It’s a technique I use in workshops. The class starts with no idea of what we plan to write, so I encourage them to put together things that don’t belong. I might, for example, suggest a “typical” scene – let’s say an old lady in an “ordinary” living room, lace curtains, slightly shabby furniture, no electronic equipment except an aging TV set, porcelain ornaments of animals, etc. She pulls back the edge of the curtains and sees … what?

I let the class suggest the sort of things she might see and almost every suggestion leads to possible plots, each of which you can change in turn by adding a detail:
  • They say she sees the postman coming up the path. I add that he’s not wearing his usual uniform, but a very smart suit, with tie, shiny shoes, etc. Why?
  • They say she sees a group of kids fooling around. I add that one of them isn’t fooling around, but just sitting on her garden wall, his back turned to the others, looking straight at the house. Why? Who is he?
  • They say she sees her cat ambling up the garden path. I add that it’s leaving a trail of something on the ground behind it. What? Why?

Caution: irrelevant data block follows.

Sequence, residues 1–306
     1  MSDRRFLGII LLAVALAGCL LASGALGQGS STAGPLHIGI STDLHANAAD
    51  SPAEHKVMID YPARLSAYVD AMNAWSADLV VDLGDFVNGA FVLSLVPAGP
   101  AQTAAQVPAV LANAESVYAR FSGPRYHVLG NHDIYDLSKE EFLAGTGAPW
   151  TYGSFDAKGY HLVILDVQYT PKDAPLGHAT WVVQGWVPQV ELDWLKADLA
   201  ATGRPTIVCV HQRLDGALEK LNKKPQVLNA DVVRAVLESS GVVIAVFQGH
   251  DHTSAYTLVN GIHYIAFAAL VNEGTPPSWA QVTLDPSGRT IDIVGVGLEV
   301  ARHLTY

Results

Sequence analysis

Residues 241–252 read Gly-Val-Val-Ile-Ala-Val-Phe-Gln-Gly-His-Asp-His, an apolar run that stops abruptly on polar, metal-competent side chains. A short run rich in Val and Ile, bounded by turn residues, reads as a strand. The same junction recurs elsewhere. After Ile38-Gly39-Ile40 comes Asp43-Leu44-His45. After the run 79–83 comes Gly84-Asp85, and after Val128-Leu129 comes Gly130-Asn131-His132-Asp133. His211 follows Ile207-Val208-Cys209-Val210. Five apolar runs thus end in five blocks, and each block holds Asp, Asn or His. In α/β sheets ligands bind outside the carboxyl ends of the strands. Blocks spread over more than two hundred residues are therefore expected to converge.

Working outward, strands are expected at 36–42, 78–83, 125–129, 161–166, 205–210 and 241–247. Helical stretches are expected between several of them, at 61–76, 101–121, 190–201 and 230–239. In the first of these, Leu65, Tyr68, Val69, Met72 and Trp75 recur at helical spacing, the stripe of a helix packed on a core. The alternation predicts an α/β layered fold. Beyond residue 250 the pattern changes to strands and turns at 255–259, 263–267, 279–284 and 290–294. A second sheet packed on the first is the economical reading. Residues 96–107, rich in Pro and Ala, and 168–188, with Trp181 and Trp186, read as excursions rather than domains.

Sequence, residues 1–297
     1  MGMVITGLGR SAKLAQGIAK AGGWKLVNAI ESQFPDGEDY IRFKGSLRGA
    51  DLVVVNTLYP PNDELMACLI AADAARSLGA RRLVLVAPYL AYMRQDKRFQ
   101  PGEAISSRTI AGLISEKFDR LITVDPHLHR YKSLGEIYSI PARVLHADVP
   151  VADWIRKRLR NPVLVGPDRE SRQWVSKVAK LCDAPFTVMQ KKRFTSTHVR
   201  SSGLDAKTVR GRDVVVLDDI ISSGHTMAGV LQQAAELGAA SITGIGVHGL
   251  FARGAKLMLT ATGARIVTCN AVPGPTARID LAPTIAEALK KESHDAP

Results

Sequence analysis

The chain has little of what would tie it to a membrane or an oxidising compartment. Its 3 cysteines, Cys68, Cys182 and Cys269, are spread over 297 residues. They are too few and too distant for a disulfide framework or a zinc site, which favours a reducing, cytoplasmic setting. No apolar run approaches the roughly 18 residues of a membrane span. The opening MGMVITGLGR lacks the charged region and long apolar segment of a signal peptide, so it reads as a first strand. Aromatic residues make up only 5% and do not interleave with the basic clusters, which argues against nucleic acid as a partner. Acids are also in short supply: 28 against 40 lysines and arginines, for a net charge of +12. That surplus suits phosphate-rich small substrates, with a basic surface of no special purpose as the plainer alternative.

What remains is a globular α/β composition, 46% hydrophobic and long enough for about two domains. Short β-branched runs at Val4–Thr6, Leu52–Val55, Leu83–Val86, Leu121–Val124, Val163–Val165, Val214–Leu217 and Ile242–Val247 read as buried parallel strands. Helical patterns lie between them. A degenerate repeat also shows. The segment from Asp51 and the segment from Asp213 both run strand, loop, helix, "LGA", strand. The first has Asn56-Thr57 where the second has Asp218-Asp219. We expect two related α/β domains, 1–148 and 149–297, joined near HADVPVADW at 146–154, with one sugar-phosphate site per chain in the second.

• Or else I suggest she sees soldiers, or zebras, or a strange darkness even though it’s midday.

The real Fitzwilliam Darcy
And so it goes on. As I've said in previous blogs, it’s all about answering questions, especially the one that never fails to produce drama or conflict – “Why?”

But that first draft is, of course, just that – a beginning. When I have it, I can move to the editing phase and start focusing on structural aspects, moving scenes around, optimizing effects, ironing out inconsistencies, eliminating side alleys, polishing the prose or sharpening dialogues to make the most of where I’ve been taken. Frequently, when I return to a book I wrote a while ago, I have no idea how it came to have the shape it does. So I accept that, as writers, we’re in control of our material, but how it all works is a beautiful mystery.


10 comments:

Reb MacRath said...

Bravo, Bill. This is one of the finest descriptions of creative process that I've ever seen.